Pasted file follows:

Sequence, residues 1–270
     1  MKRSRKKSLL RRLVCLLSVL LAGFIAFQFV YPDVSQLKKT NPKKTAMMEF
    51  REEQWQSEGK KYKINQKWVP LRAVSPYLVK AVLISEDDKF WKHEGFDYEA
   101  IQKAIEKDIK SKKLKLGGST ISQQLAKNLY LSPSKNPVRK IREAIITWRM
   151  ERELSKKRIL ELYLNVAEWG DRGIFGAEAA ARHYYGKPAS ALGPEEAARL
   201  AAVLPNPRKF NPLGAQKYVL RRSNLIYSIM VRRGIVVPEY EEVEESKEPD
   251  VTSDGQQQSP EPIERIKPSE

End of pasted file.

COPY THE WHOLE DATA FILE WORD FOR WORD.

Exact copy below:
Sequence, residues 1–270
     1  MKRSRKKSLL RRLVCLLSVL LAGFIAFQFV YPDVSQLKKT NPKKTAMMEF
    51  REEQWQSEGK KYKINQKWVP LRAVSPYLVK AVLISEDDKF WKHEGFDYEA
   101  IQKAIEKDIK SKKLKLGGST ISQQLAKNLY LSPSKNPVRK IREAIITWRM
   151  ERELSKKRIL ELYLNVAEWG DRGIFGAEAA ARHYYGKPAS ALGPEEAARL
   201  AAVLPNPRKF NPLGAQKYVL RRSNLIYSIM VRRGIVVPEY EEVEESKEPD
   251  VTSDGQQQSP EPIERIKPSE